Once your pixels are 1/2 the width and height you can resolve, then there is no advantage to more resolution unless the pixels are limited in shades. (for example you can have 5 or 6 times as many shades / hues simplistically with a 2 x 2 cell. In practice you can do better with more complex dithers over a 3 x 3 cell). The claims of contrast and colour for LCD are hyped. For AMOLED, the contrast is good, but colour rendition can still be improved as it often doesn't use true R & G & B like real LED can use.

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Re: 2560 x 1440 on a 5.5" phone

@mage: I was about to upvote your excellent post but then I got to the last paragraph.

If you look at the aliasing needed to represent a straight line at 30º incline to the horizontal you really need pixels much smaller than 1/2 the resolvable limit to do it without aliasing and to achieve pin sharp clarity.

Also, there is no such thing as 'real LED', there are organics and semi-conductors. Neither produce colours that perfectly match our human cones and hence neither can accurately reproduce the entire range of colours we can experience.

Ah, what the hell, have an upvote anyway :)

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Re: 2560 x 1440 on a 5.5" phone

I was giving a simplistic explanation. You are correct, there is advantage to smaller than 1/2 resolvable. I was trying to explain that "maximum" is 1/2 of resolvable. It's also complicated by sub pixel addressing and layout

traditional sub pixels are same height and 1/3rd width

RGBRGB

RGBRGB

RGBRGB

RGBRGB

RGBRGB

Often now a basic colour cell is two rows (I think but may be wrong)

RG BG

GB GR

A "real" Blue, Red or Green LED is near monochromatic direct light source. An AMOLED display is really a kind of Electroluminescent panel and uses a mixture of phosphors and dye filters to get the desired R G & B. The life of AMOLED is thus poor compared to CRT or LCD.. Sony apparently has a real LED TV. Most "real" LED displays are very very large as they are not integrated panels. So called LED TVs in the shops today are just LCD with LED lighting instead of CCFL. The LED can be edge, back and using "nearly white" (Actually violet LED with phosphors) or most expensive are R G & B LED back lights.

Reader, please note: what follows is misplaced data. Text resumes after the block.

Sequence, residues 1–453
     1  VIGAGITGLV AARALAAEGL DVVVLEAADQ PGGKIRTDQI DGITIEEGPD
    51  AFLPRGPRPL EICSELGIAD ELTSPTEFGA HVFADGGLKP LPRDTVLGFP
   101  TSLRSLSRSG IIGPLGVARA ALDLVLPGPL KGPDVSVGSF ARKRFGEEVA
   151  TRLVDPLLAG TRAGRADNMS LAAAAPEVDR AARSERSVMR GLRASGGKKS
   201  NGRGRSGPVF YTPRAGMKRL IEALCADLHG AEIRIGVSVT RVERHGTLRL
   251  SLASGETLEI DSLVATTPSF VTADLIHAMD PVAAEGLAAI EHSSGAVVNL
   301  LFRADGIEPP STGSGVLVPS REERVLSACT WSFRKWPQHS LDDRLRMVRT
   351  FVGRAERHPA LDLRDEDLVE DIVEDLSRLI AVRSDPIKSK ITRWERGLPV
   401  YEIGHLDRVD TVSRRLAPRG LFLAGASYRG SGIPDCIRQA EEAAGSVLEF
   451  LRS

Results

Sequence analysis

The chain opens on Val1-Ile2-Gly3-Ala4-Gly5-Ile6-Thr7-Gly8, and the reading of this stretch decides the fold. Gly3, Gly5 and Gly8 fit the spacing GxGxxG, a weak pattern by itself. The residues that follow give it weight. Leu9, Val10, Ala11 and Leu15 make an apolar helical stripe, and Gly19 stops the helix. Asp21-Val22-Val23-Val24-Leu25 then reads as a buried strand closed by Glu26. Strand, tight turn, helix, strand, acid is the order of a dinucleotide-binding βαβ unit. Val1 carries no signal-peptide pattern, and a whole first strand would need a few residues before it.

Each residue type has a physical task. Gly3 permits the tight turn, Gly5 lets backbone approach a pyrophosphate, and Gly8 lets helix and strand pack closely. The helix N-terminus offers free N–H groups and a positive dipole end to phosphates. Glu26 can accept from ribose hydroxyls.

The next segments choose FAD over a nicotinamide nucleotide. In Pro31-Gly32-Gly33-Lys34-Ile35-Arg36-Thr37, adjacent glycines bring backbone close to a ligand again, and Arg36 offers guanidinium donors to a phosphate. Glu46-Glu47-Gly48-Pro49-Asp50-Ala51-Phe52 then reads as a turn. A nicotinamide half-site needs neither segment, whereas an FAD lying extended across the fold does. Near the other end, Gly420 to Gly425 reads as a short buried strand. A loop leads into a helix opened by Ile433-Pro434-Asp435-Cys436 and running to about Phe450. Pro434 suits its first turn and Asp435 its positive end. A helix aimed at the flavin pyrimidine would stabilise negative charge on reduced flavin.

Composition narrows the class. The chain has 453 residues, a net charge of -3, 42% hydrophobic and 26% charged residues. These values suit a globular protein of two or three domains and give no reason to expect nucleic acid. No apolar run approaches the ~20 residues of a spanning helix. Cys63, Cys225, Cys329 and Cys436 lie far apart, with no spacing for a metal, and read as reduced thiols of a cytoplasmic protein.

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Re: 2560 x 1440 on a 5.5" phone -- @Mage

"Ideally you want a screen resolution twice as many pixels in each direction as you can see finest detail.

You're right as it takes into account Nyquist's sampling requirements. Whilst agreeing with most of what you say, I'd suggest the limiting resolutions of the eye are even higher (see my post below). As I've said the matter of resolution is complex (and it's clearly misunderstood by some other posters to this page).

As you say contrast is very important and edge resolution (B-to-W transition) is enhanced if the contrast is maintained across the transition (i.e.: with sufficient bandwidth ensures a sharp transient).

BTW, edge transient sharpening has been known about for centuries, letterpress printers would allow the ink to puddle in the edges and serifs of the typeface (imprinted indents in the paper common in letterpress) thus increasing the density of the ink at the edges which gave the perception that the typefaces were actually sharper than they really were.

Incidentally, the same technique is used in video and television, here cable equalisers etc. are invariably used to sharpen images. They reduce the spearing of the B-to-W transitions on images (caused by HF/bandwidth losses) by enhancing the transient (reducing the B-to-W transition time, and often the edge transient is driven into overshoot [exceeding the transient's 100% amplitude] to give an apparent increase in sharpness). Also, this is effectively the same process Photoshop's unsharp mask uses to sharpen images

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Re: 2560 x 1440 on a 5.5" phone

I'm sitting about 75cm from a 2560x1440 27" screen and while it squeezes a lot more text on screen it's not quite high enough res to completely hide pixelation. Better than 1080 but not by much.